Last Friday, the 20th of January, saw the inauguration of America’s 45th President, Donald J. Trump. A controversial figure, Trump’s campaign promised to bring manufacturing back to America and look after the American worker, who he felt had been severely let down by the Obama administration.
I’m not here to tell you what I think about Trump. I’m here to tell you something much more relevant to recruitment. This post examines the effect of Trump’s presidency on the UK job market. How will his inauguration directly affect British workers and job-seekers? Let’s find out.
I’m no stock market expert, but here are some intriguing statistics for you:
The Dow Jones, a stock market index which tracks publicly-owned American companies, reached an all-time record of 20,000 today (Wednesday 25th January 2017). This is directly connected to Trump, whose policies are much more business-friendly than Obama’s were. The Dow started off 2016 at a low point of 15, 451, but by the end of the year it came close to the 20,000 mark. According to various sources provided at the bottom of the article, this is because of Trump’s business-related policies. Cutting taxes and regulations for businesses stimulates the economy and encourages more investment.
How, then, does this news from America affect someone in the UK?
Well, the dollar is used in most international transactions, so changes to the American economy affect the rest of the world. As well as this, there are a number of British companies which trade on the US exchange. You can find a comprehensive list of them here.
To put it simply, the UK job market improves when the American stock market is doing well. When stock does well in general, investors are more likely to buy shares in a company. When a company has more investors, they have more money to hire and expand. Thus, they are much more likely to create job openings. There are further complexities that could be addressed here but I’m trying to keep to the bones of the argument.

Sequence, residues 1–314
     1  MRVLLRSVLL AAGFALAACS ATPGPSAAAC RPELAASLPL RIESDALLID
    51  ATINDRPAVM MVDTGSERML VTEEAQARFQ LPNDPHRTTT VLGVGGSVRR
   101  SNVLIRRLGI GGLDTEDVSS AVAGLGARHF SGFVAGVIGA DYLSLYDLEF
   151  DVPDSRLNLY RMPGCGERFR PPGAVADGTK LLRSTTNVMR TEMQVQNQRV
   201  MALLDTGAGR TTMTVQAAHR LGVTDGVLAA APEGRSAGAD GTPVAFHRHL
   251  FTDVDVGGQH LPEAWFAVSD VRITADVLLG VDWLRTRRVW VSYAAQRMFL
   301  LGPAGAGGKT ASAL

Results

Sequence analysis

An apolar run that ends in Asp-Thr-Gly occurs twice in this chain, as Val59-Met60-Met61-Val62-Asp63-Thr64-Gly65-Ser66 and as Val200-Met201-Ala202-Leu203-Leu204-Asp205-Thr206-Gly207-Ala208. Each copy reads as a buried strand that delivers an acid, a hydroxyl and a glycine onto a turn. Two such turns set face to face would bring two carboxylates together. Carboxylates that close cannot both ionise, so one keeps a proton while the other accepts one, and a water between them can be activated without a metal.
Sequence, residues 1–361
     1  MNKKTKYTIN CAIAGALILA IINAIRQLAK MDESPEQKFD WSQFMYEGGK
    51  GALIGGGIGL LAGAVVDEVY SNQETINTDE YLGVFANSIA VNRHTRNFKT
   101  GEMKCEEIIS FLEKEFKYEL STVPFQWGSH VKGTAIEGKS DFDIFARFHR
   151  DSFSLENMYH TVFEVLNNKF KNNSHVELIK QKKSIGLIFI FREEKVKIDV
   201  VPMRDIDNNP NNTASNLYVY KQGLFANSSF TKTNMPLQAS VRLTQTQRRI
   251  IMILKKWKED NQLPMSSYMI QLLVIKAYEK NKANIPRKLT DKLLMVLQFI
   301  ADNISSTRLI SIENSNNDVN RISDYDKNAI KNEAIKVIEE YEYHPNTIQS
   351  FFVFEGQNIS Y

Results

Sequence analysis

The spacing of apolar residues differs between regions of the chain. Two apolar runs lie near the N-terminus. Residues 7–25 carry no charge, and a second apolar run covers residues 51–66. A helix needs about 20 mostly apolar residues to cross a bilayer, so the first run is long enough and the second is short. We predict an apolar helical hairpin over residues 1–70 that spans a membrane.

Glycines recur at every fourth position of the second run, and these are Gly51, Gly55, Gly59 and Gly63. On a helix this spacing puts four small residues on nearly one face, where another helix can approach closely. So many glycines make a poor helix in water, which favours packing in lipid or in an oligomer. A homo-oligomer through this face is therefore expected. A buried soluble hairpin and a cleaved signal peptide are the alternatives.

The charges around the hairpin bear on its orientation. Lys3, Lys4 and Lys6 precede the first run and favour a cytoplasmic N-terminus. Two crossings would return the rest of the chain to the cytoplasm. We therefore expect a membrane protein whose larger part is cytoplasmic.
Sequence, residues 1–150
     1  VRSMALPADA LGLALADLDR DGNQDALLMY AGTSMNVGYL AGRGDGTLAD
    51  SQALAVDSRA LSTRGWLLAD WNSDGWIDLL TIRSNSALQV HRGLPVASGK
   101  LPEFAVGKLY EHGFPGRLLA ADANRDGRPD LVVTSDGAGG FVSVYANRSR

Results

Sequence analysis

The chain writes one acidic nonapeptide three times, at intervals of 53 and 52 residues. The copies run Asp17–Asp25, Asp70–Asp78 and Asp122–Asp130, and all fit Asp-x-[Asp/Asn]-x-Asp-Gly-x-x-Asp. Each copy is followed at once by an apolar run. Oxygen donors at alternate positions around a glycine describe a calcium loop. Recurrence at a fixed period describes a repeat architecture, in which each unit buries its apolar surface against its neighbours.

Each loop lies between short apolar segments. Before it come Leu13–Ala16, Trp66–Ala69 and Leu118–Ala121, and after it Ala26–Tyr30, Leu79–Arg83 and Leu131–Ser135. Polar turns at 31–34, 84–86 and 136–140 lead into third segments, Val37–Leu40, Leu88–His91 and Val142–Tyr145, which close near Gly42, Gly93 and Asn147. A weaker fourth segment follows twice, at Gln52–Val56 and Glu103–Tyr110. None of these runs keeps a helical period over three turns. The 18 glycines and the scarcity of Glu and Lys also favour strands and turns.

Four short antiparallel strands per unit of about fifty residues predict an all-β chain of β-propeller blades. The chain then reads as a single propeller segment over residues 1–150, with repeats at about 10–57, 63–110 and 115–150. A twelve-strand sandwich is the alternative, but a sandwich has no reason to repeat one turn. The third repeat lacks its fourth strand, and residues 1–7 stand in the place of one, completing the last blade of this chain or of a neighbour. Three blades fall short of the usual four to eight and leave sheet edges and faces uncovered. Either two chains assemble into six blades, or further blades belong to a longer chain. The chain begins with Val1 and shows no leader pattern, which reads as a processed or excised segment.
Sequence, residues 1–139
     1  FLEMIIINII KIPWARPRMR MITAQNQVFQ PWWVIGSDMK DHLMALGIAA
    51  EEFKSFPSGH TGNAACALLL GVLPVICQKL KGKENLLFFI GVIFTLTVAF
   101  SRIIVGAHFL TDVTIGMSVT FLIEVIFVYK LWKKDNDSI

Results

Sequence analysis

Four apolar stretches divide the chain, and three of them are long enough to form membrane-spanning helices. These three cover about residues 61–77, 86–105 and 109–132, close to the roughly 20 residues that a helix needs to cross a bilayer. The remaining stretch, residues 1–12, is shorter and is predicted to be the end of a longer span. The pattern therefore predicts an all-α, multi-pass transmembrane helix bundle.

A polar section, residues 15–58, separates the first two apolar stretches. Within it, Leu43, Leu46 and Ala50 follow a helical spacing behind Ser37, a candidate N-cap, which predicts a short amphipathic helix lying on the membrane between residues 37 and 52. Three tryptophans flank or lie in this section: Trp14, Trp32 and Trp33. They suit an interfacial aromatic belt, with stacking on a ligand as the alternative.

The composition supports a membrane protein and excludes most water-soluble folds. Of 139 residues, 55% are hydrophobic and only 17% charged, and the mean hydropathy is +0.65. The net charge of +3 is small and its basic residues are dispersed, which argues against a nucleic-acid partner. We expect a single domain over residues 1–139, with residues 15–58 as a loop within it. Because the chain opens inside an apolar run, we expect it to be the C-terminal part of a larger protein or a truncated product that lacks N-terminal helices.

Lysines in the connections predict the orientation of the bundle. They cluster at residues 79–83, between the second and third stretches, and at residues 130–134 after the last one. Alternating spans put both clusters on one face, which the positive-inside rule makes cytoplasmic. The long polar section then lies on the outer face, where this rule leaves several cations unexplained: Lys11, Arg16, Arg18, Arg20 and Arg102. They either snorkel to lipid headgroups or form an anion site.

There are of course, some worries about Trump’s impact, particularly in relation to his stance on international trade. Trump has said many times how he will make America great again. This means putting America first. For you in the UK, depending on how protectionist his international trade policies are, this could be a bad thing.
It is evident already that Trump will not be soft when it comes to making trade deals with other countries. This could mean that deals could be stricter, which probably means more expensive and/or less beneficial for the country dealing with America. Theresa May has said she looks forward to talking about trade with Trump. Only time will tell what the reality of this deal will be.
May, however, isn’t going to just sit there and let Trump make a deal that screws over the UK. They will sit and drink tea and negotiate, so the end result will probably be a fair deal that benefits both sides. Trump’s strong stance on global trade is because of the deals that were already made that did not benefit America. Such deals actually weaken the American economy. This does not mean he will be overly demanding or unrealistic when it comes to negotiations; it simply means he won’t be taken advantage of. Compromising is an unfortunate but necessary component of politics.
Therefore, I wouldn’t worry too much about the upcoming trade deal negotiations that will occur between May and Trump, because if a leader is as strong as May seems to be, then I’m sure something that is good for Britain will be the result.
I’m sure you have heard a lot of doom and gloom about the Trump administration, thanks to the likes of the BBC, but you don’t need to worry. You’ve no doubt seen for yourself how the Remain campaign preached apocalypse about the Brexit decision. It hasn’t officially happened yet, of course, but already their pessimistic predictions are not matched by the relevant numbers and statistics. The same goes for the mainstream narrative on Trump.
The world is entering a populist phase, and globalists don’t like this turn of events, so they will try to manipulate you with eloquent opinion pieces and biased polls.
Don’t let them. Brexit is good for the UK, and so is Trump.
Copyright Gillian Rixey, Company Jobs Direct Ltd.
by Gillian Rixey
(Gillian is a PhD qualified freelance writer and scholar born in Ireland but currently residing in the United States.)